Cocos (Keeling) Islands 1987 36c sg160, scott?

BOM vessels

Gambia issued a set of stamps in 1991 for the 100th anniversary of the death of Vincent van Gogh 1853-1890.
One of this stamps shows use the “beach at Scheveningen during a calm day” painted in 1882 by van Gogh.
The three vessels on the painting on the beach are bom vessels for more info see. viewtopic.php?f=2&t=11475&p=12256&hilit=panorama#p12256

Gambia 1991 1d.25 sg 1246, scott 1147.

PENDOLARE CONCEPT BOAT

Of the “pendolare concept boat” I can only find that it is a Granata Design from Palmetto Bluff, USA and a photo of the design, but not any detail on the design so most probably the design was not a seller and it stayed on the design board.

Gambia 2000 8d sg?, scott?

FERRY SEA COASTER CONCEPT

When you look carefully to this stamp you can see that the name ROCKET II is painted mid-ships on the hull, the stamp gives that a “ferry sea coaster concept” is shown. The stamp shows I believe a ship drawing of the design, but actually the ship is the ISLAND ROCKET II.

She was built in 1997 for the Island Express Boat Lines, Sandosky, OH by the Air Ride Craft Inc. Miami.
Delivered as the ISLAND ROCKET II.
Tonnage 32 grt, 25 nrt, dim. 64.70 x 19.20 x 6.5ft.
Powered by?

On the "home-grown" design front, the new Surface Effect Ship (SES) catamaran ferry ISLAND ROCKET II will begin service this summer on Lake Erie for owner Island Express Boat Lines, Ltd., Sandusky, Ohio.
"We were looking for something with a little more speed and a little more passenger comfort," Island Express general manager Brad Castle told Marine Log, "and this certainly fit the bill."
At full load, Castle says the 149-passenger ISLAND ROCKET II should reach cruising speeds in the "mid-40 knot range" and still be comfortable for passengers. It will combine with Island Express Boat Lines' other ferry, the ISLAND ROCKET I, to offer regular service from Sandusky to Kelleys Island to Put-in-Bay.
Based on the Seacoaster design from inventor Don Burg, president of Air Ride Craft, Inc., Miami, the 72 ft ISLAND ROCKET II integrates the best features of an SES and a catamaran. Like other SESs, the Seacoaster rides on a pressurized air cushion created under the vessel, which carries some 75 to 90% of its weight, greatly reducing the wetted area hull friction. This means that an SES normally needs much less propulsive power--about half--of that required for similar size monohulls or catamarans at speeds of 25 knots and up. For operators, this translates into fuel and power savings, a smooth ride in rough seas, and better wake characteristics at high speeds.
While SES craft are nothing new, the Seacoaster design has attracted some interest among other operators. One of those is Dan Yates, owner of the PORTLAND SPIRIT, as well as two other dinner boats in Portland, Ore. Yates has been exploring the possibility of creating a network of water taxis and fast ferries that would connect downtown Portland with Vancouver, Wash., via the Willamette and Columbia Rivers. The concept would involve possibly five ferries in the 100 passenger range.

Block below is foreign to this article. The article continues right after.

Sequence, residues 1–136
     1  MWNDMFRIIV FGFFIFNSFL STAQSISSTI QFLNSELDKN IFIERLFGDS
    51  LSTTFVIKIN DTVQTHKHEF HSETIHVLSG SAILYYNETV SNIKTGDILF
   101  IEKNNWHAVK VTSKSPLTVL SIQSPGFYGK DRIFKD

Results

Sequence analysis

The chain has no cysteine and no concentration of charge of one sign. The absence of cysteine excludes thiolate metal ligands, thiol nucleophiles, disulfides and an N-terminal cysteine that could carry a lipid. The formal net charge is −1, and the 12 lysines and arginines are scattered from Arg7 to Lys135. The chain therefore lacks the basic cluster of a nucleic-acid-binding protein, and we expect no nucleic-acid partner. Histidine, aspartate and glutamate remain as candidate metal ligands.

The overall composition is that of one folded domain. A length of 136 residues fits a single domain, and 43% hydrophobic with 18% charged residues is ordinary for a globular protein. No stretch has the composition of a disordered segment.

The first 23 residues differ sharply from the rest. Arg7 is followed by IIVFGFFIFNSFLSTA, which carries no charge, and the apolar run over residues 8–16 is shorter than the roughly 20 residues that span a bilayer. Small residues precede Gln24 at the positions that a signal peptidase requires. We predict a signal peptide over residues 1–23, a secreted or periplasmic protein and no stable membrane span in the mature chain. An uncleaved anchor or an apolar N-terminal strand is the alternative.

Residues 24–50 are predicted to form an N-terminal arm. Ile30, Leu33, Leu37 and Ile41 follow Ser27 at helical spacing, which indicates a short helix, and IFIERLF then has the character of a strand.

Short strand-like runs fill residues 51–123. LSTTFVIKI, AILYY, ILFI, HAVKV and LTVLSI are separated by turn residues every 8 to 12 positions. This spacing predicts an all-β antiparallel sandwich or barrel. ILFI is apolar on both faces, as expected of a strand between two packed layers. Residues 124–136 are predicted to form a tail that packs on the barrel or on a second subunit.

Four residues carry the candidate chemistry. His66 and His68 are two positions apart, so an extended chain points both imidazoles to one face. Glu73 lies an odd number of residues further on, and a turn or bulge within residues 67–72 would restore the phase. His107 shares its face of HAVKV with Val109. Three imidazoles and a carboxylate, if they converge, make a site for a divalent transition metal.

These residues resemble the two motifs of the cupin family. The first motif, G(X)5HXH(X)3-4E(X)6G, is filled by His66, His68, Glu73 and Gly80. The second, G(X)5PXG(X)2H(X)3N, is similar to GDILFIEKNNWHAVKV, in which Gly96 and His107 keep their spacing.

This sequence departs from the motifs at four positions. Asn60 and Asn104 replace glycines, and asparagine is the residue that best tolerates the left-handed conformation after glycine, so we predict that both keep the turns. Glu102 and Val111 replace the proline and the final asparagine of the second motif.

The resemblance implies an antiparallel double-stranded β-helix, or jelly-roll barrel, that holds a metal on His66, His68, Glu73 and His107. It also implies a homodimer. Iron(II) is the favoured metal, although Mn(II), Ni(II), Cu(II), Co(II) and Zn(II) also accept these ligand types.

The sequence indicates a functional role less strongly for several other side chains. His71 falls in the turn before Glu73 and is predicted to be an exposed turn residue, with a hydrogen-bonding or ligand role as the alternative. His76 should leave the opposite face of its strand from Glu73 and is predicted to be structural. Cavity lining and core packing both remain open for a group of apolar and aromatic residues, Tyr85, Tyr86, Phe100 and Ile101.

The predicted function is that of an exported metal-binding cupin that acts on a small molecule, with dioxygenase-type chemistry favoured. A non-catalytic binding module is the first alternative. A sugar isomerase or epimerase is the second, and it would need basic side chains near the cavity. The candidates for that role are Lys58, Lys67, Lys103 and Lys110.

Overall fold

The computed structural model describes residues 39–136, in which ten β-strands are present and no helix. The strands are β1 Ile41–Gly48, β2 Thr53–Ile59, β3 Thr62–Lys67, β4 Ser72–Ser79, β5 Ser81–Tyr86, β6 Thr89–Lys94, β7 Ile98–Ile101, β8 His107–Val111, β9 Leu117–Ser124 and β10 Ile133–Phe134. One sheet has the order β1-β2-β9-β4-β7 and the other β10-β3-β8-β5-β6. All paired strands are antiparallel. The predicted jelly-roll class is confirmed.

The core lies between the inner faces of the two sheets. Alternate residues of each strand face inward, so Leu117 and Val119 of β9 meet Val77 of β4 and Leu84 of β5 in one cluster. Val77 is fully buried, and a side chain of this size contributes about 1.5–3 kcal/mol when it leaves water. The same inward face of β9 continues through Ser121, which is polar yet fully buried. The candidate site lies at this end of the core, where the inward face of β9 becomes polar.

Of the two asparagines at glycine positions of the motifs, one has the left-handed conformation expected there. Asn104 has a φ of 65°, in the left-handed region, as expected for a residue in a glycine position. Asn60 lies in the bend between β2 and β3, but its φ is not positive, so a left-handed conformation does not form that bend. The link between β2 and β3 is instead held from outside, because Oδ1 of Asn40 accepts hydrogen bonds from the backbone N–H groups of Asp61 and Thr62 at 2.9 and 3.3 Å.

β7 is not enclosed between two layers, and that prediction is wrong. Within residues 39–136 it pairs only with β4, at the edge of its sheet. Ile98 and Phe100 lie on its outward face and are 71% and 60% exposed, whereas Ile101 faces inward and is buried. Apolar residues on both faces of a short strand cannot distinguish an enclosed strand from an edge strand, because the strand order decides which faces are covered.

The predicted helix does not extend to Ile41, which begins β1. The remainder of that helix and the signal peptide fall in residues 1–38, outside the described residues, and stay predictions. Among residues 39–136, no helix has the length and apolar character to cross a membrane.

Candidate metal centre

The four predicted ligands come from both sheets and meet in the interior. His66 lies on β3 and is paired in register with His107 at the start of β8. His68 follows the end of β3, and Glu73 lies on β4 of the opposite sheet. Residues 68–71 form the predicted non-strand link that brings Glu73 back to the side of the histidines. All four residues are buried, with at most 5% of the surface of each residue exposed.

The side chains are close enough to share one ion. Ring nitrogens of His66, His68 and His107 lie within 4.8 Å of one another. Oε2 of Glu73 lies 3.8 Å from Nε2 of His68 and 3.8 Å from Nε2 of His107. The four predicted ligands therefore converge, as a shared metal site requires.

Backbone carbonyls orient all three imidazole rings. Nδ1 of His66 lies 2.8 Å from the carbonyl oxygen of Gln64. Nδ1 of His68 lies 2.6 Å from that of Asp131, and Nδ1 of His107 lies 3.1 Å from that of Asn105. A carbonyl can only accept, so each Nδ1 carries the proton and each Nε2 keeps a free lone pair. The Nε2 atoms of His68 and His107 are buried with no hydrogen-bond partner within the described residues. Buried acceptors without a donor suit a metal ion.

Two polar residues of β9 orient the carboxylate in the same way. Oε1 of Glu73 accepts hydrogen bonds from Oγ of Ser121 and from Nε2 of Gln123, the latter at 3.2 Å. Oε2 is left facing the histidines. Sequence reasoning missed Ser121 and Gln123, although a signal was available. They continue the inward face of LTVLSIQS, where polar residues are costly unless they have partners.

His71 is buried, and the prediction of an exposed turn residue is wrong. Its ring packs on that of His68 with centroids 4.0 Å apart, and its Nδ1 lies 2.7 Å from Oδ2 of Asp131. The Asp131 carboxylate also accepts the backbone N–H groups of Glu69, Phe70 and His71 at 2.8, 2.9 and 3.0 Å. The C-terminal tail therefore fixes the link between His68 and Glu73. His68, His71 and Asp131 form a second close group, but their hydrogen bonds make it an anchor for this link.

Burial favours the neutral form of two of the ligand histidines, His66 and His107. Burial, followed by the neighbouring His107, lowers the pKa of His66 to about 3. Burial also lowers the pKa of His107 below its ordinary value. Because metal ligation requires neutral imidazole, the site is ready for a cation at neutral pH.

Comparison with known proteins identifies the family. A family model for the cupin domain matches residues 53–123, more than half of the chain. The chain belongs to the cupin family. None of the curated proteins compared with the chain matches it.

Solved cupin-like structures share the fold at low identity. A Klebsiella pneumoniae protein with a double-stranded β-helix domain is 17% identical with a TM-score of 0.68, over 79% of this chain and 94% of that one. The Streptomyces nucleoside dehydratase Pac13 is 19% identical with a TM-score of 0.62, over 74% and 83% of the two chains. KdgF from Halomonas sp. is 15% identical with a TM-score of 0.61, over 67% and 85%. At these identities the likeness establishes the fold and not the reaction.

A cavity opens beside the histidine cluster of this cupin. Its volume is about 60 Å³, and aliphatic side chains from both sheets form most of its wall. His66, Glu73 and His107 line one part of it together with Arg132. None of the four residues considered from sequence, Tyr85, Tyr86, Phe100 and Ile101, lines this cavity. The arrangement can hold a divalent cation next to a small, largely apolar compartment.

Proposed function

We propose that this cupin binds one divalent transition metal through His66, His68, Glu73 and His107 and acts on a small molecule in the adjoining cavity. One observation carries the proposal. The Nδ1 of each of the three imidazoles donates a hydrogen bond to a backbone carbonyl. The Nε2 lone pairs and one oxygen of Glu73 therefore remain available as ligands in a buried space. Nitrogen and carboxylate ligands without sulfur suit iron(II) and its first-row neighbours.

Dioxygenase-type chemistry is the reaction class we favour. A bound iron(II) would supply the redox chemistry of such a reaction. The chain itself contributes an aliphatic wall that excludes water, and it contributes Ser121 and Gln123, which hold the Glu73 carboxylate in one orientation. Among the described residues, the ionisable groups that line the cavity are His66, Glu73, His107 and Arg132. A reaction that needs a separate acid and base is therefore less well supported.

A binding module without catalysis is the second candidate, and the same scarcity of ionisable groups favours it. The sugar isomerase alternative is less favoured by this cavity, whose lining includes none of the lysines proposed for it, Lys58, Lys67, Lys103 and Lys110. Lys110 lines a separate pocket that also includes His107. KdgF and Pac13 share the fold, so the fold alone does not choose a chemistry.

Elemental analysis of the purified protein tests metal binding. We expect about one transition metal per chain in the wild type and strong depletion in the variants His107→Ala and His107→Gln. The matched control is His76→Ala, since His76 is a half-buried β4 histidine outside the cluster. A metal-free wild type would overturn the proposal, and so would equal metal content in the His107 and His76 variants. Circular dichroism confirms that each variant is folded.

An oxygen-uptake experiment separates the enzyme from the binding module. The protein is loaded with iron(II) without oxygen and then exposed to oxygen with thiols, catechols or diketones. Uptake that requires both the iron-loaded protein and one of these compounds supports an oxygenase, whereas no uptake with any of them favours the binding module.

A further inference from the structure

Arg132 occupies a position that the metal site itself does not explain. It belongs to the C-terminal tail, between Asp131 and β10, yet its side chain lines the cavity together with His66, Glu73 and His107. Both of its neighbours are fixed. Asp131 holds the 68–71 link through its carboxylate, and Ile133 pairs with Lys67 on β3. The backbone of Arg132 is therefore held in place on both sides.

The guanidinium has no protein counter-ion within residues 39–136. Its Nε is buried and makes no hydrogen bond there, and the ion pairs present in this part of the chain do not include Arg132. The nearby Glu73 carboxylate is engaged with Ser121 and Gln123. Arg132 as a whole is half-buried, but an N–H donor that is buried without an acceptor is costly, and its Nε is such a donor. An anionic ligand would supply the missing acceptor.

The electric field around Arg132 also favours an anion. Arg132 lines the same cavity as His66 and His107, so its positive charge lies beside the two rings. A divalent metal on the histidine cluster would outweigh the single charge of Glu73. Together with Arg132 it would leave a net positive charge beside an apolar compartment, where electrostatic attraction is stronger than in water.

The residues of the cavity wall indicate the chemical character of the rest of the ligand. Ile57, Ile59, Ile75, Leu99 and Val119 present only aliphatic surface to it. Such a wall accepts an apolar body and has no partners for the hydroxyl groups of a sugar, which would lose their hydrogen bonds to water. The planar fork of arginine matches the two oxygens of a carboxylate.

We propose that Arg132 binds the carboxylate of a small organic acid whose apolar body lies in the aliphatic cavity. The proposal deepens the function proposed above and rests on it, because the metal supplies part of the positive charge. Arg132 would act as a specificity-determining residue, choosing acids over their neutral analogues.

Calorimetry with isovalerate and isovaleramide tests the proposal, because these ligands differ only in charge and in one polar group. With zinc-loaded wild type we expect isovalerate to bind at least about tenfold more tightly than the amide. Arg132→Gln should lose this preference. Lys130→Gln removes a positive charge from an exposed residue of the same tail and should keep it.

"The designs are out there," says Yates, "but I don't want to be an innovator in technology. Rather, I want to use technology in an innovative way." But because of political and operational hurdles, he believes the effort could take two more years to come to fruition. "There's a strong light rail contingent," says Yates, "and there's also a lot of debris in the river. My dinner boats get their props banged every so often by 125 ft trees floating down the river," says Yates. ML

http://m.marinelog.com/DOCS/hisp.html

2005 The last I can find on the net that she was in a service in Florida and for sale. At that time still owned by the same owner, under USA Flag and registry IMO Number D1058181.

https://cgmix.uscg.mil/PSIX/PSIXSearch.aspx
Gambia 2000 D8 sg?, scott?
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Orduna I (liner)

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Orduna I (liner)

Postby john sefton » Thu Dec 09, 2010 9:20 am

SG418.jpg
SG418
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SG263.jpg
SG263
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SS Orduna was an ocean liner built in 1913-14 by Harland & Wolff in Belfast for the Pacific Steam Navigation Company. After two voyages she was chartered to Cunard Line. In 1921 she went to the Royal Mail Steam Packet Company, then being resold to the PSNCo in 1926. Her sister ships were the RMSP Orbita and SS Orca.
She provided transatlantic passenger transport, measured approximately 15,500 gross tons, and was 550.3 ft x 67.3 ft.

First World War.
Orduna was pressed into service as an auxiliary cruiser and troop transport in the First World War running from Halifax, Canada to Liverpool with notables such as Quentin Roosevelt on board.
In January 1915 Orduna rescued the Russian crew of the sailing ship Loch Torridon, which had sprung a leak while transporting timber off the west coast of Ireland. Later in 1915, en-route for New York, Orduna was targeted by a U-boat. The torpedo failed to hit the ship, which arrived safely.
In 1918 Orduna collided with the 4,406 ton steamer Konkary, carrying a cargo of ballast from Queenstown to Trinidad. Konkary was lost in the accident.